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SOUND SAMPLER

It was a crowded, enthusiastic house that welcomed John Scofield to Buffalo Thursday night, and he seemed to revel in it, continually mentioning how much he liked playing here and basking in the adulation.

Accompanied by the trio of Avi Bortnick on rhythm guitar, Adam Dietch on drums and Jesse Murphy on bass, Scofield played "Jeep on 35" from the "A Go Go" album and "Chichon" from last year's release, "Bump," plus a few other older tunes, but nothing from his most recent release, "Works for Me."

"Works for Me" has more of a traditional, bop-oriented lineup of personnel, featuring guitar, piano, standup bass, and drums. The group Scofield brought with him to the Tralf was more in line with the electronic groove he was working in on "Bump." For that album he experimented with sampled sounds to a greater extent than he had ever done before, utilizing the talents of Mark De Gli Antoni, who used to ply his talents with samplers for the now-defunct avant rock group Soul Coughing.

Thursday night it was Bortnick (who was recommended to Scofield by fellow guitar experimenter Charlie Hunter) who orchestrated the bulk of audio oddities via a variety of switches and knobs mounted on a chest-high "table" which was, in turn, connected through a series of cables to foot pedals triggered by either Scofield, Dietch or Bortnick. The array of sounds produced included a number of percussive noises, washes of electronica, and, toward the end of the evening, the distinctive tones of sitar and sarod, which added an exotic touch to the goings on.

Scofield also introduced what seemed to be a plethora of new tunes with at least one "world premiere" -- "Boom Boom." It was intriguing to be present at the birth of a funky new work, as the quartet stopped and started until they got the sound just right.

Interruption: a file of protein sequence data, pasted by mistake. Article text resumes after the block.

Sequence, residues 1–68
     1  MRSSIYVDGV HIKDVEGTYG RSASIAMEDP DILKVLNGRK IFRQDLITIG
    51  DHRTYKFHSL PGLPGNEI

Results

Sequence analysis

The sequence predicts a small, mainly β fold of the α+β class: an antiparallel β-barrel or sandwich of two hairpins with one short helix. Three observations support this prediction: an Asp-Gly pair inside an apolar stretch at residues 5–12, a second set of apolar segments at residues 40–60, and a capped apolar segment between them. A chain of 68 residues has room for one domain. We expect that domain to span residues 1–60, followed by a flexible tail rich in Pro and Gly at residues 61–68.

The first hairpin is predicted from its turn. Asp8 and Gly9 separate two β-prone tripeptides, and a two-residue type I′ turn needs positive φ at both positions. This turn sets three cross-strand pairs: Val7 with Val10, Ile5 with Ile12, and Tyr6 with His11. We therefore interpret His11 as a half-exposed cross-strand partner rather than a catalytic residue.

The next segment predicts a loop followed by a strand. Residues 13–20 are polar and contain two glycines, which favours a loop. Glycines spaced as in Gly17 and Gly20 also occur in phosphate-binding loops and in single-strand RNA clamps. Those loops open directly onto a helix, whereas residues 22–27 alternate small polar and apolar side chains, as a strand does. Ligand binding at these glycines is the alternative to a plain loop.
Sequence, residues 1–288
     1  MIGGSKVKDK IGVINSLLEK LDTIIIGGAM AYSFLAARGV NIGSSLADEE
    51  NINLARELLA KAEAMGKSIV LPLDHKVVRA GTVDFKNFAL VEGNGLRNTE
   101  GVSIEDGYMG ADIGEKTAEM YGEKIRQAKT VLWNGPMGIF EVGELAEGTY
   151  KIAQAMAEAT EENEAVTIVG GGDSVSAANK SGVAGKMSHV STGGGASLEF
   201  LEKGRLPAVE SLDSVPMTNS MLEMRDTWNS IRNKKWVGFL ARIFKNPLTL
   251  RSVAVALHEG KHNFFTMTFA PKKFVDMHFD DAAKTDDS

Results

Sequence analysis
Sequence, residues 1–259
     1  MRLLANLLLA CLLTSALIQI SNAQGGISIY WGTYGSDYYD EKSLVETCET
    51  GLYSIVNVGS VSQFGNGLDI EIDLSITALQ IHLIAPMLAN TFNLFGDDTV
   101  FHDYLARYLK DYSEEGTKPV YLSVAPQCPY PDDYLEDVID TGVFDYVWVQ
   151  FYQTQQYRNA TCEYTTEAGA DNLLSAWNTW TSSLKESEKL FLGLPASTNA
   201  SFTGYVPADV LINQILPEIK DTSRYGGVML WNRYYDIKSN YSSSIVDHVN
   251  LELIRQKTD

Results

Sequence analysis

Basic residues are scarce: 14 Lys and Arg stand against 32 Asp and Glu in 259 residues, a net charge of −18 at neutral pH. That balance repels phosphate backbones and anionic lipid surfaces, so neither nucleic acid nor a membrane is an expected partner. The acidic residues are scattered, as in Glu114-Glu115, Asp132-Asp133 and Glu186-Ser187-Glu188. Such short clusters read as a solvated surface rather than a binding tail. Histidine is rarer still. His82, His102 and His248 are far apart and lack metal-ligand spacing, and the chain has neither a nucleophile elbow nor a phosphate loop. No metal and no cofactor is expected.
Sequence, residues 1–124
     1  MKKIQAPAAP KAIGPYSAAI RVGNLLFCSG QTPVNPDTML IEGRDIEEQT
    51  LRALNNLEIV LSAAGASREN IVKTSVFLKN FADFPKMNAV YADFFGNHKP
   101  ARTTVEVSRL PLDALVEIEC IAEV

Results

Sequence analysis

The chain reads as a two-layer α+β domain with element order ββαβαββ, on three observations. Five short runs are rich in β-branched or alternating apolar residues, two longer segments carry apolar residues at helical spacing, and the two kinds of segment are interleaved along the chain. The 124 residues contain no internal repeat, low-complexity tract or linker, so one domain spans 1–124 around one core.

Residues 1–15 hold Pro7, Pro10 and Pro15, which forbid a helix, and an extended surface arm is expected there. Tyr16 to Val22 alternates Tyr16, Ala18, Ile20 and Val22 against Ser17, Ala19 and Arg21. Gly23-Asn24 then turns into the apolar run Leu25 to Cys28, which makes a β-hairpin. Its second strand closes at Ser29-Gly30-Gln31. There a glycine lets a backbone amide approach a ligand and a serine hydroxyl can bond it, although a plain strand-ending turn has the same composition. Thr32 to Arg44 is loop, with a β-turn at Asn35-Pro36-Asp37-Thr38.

There were other new items on the agenda, too. Scofield said he was thinking of calling one song "Offspring" because he wrote in his notebook "First day of Spring" to remind him of its genesis. "Polo Towers" was the designated moniker for a song written in Las Vegas, "the anti-jazz capital of the world," while "Uber John," a lengthy tune written on the group's German tour, included Scofield tossing in snippets of "Blue Moon" for good measure.

As for the sidemen, let it be said that the boss certainly knows how to pick 'em. Dietch is a monster technician but one who comes from the soul/funk side of the equation instead of the purely jazz side. Murphy's bass lines were succinct, and it really wasn't apparent how much talent he had until he was given solo space. That made it apparent why he was chosen to anchor the bottom end of the groove. Bortnick is quite an inventive rhythm guitarist, something you don't usually hear said about that supporting role, adding chordal flurries that perfectly set up Scofield's riffing throughout the evening. The same was true for all of Bortnick's sampler manipulations.

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